Many scientists argue that only either social or ecological pressures that the worldwide primate population faces led to the eventual development of larger brains and increase cognitive ability. It is also a very widely held scientific belief that neither of these environmental pressure-types was solely responsible, but in fact that some distinct combination thereof resulted in the anthropologically documented increase in average relative primate brain size (Cheney & Seyfarth, 2007). If a combination of these two pressures was responsible, then necessarily either social or ecological intelligence must have come first and subsequently led to the proliferation of the other.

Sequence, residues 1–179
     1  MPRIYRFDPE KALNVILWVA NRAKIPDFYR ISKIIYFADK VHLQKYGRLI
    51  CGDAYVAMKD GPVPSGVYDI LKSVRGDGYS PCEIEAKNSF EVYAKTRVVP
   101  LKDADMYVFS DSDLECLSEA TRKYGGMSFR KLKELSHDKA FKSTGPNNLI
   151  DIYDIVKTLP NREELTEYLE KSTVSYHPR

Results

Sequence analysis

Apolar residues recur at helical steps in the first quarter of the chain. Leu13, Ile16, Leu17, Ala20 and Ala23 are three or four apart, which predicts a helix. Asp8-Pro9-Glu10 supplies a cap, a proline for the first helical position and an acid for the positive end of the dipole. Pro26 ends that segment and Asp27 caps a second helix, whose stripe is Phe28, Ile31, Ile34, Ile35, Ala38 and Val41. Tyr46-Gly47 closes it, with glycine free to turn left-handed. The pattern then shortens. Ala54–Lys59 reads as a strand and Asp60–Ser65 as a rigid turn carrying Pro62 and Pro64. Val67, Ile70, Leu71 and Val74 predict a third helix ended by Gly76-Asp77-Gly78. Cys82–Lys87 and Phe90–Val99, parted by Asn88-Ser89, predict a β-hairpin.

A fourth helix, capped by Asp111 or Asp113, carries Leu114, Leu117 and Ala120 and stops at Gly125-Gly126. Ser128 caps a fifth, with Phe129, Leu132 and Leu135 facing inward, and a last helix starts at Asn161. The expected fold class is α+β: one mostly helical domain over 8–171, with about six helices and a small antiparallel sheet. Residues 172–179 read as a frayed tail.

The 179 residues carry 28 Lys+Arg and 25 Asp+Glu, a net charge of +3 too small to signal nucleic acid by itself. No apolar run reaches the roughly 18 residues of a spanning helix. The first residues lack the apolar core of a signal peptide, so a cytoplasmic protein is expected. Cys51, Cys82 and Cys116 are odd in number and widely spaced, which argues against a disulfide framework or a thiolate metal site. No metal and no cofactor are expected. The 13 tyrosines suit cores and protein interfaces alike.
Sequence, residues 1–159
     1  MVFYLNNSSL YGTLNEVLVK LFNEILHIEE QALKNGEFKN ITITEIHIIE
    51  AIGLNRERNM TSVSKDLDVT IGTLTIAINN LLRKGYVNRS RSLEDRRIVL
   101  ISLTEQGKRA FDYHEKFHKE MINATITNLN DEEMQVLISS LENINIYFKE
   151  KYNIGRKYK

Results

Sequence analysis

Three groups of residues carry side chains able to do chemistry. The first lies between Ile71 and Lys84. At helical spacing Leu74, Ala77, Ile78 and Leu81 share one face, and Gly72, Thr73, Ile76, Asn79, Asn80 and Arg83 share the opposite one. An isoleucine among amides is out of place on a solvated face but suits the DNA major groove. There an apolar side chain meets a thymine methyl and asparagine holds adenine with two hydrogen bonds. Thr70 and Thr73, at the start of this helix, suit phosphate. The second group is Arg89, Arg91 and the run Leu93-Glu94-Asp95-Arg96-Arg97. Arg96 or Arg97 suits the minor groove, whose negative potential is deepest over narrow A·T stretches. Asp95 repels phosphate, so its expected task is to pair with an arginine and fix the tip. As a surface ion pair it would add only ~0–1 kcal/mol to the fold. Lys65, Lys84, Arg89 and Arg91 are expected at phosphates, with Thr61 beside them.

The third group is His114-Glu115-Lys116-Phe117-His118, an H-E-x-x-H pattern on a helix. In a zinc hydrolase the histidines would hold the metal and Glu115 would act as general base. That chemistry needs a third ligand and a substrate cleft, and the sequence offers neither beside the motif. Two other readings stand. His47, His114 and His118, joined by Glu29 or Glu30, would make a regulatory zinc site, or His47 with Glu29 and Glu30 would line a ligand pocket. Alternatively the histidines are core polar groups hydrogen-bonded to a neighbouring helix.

Realistically, the most likely scenario is that early primates first gained the vestiges of intelligence from ecological factors which were necessary to maintain even the most basic levels of survival, and then, once they began to gain certain evolutionary advantages from that intelligence, they expanded and fine-tuned it by means of social interactions and communication. This explanation gains an exceptional amount of credence from the fact that in order for ...
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Fletcher, M. (Writer and Editor). (2008). Clever monkeys [Television Series Episode]. In J. Clarke & I. Tejaratchi (Producers), Nature. New York: Thirteen/WNET New York and BBC.
Fragaszy, D.M., Greenberg, R., Visalberghi, E., Ottoni, E.B., Izar, P.I., & Liu, Q. (2010). How wild bearded capuchin monkeys select stones and nuts to minimize the number of strikes per nut cracked. Animal Behaviour, 80, 205-214. Reviewed by McClanahan, 2012.
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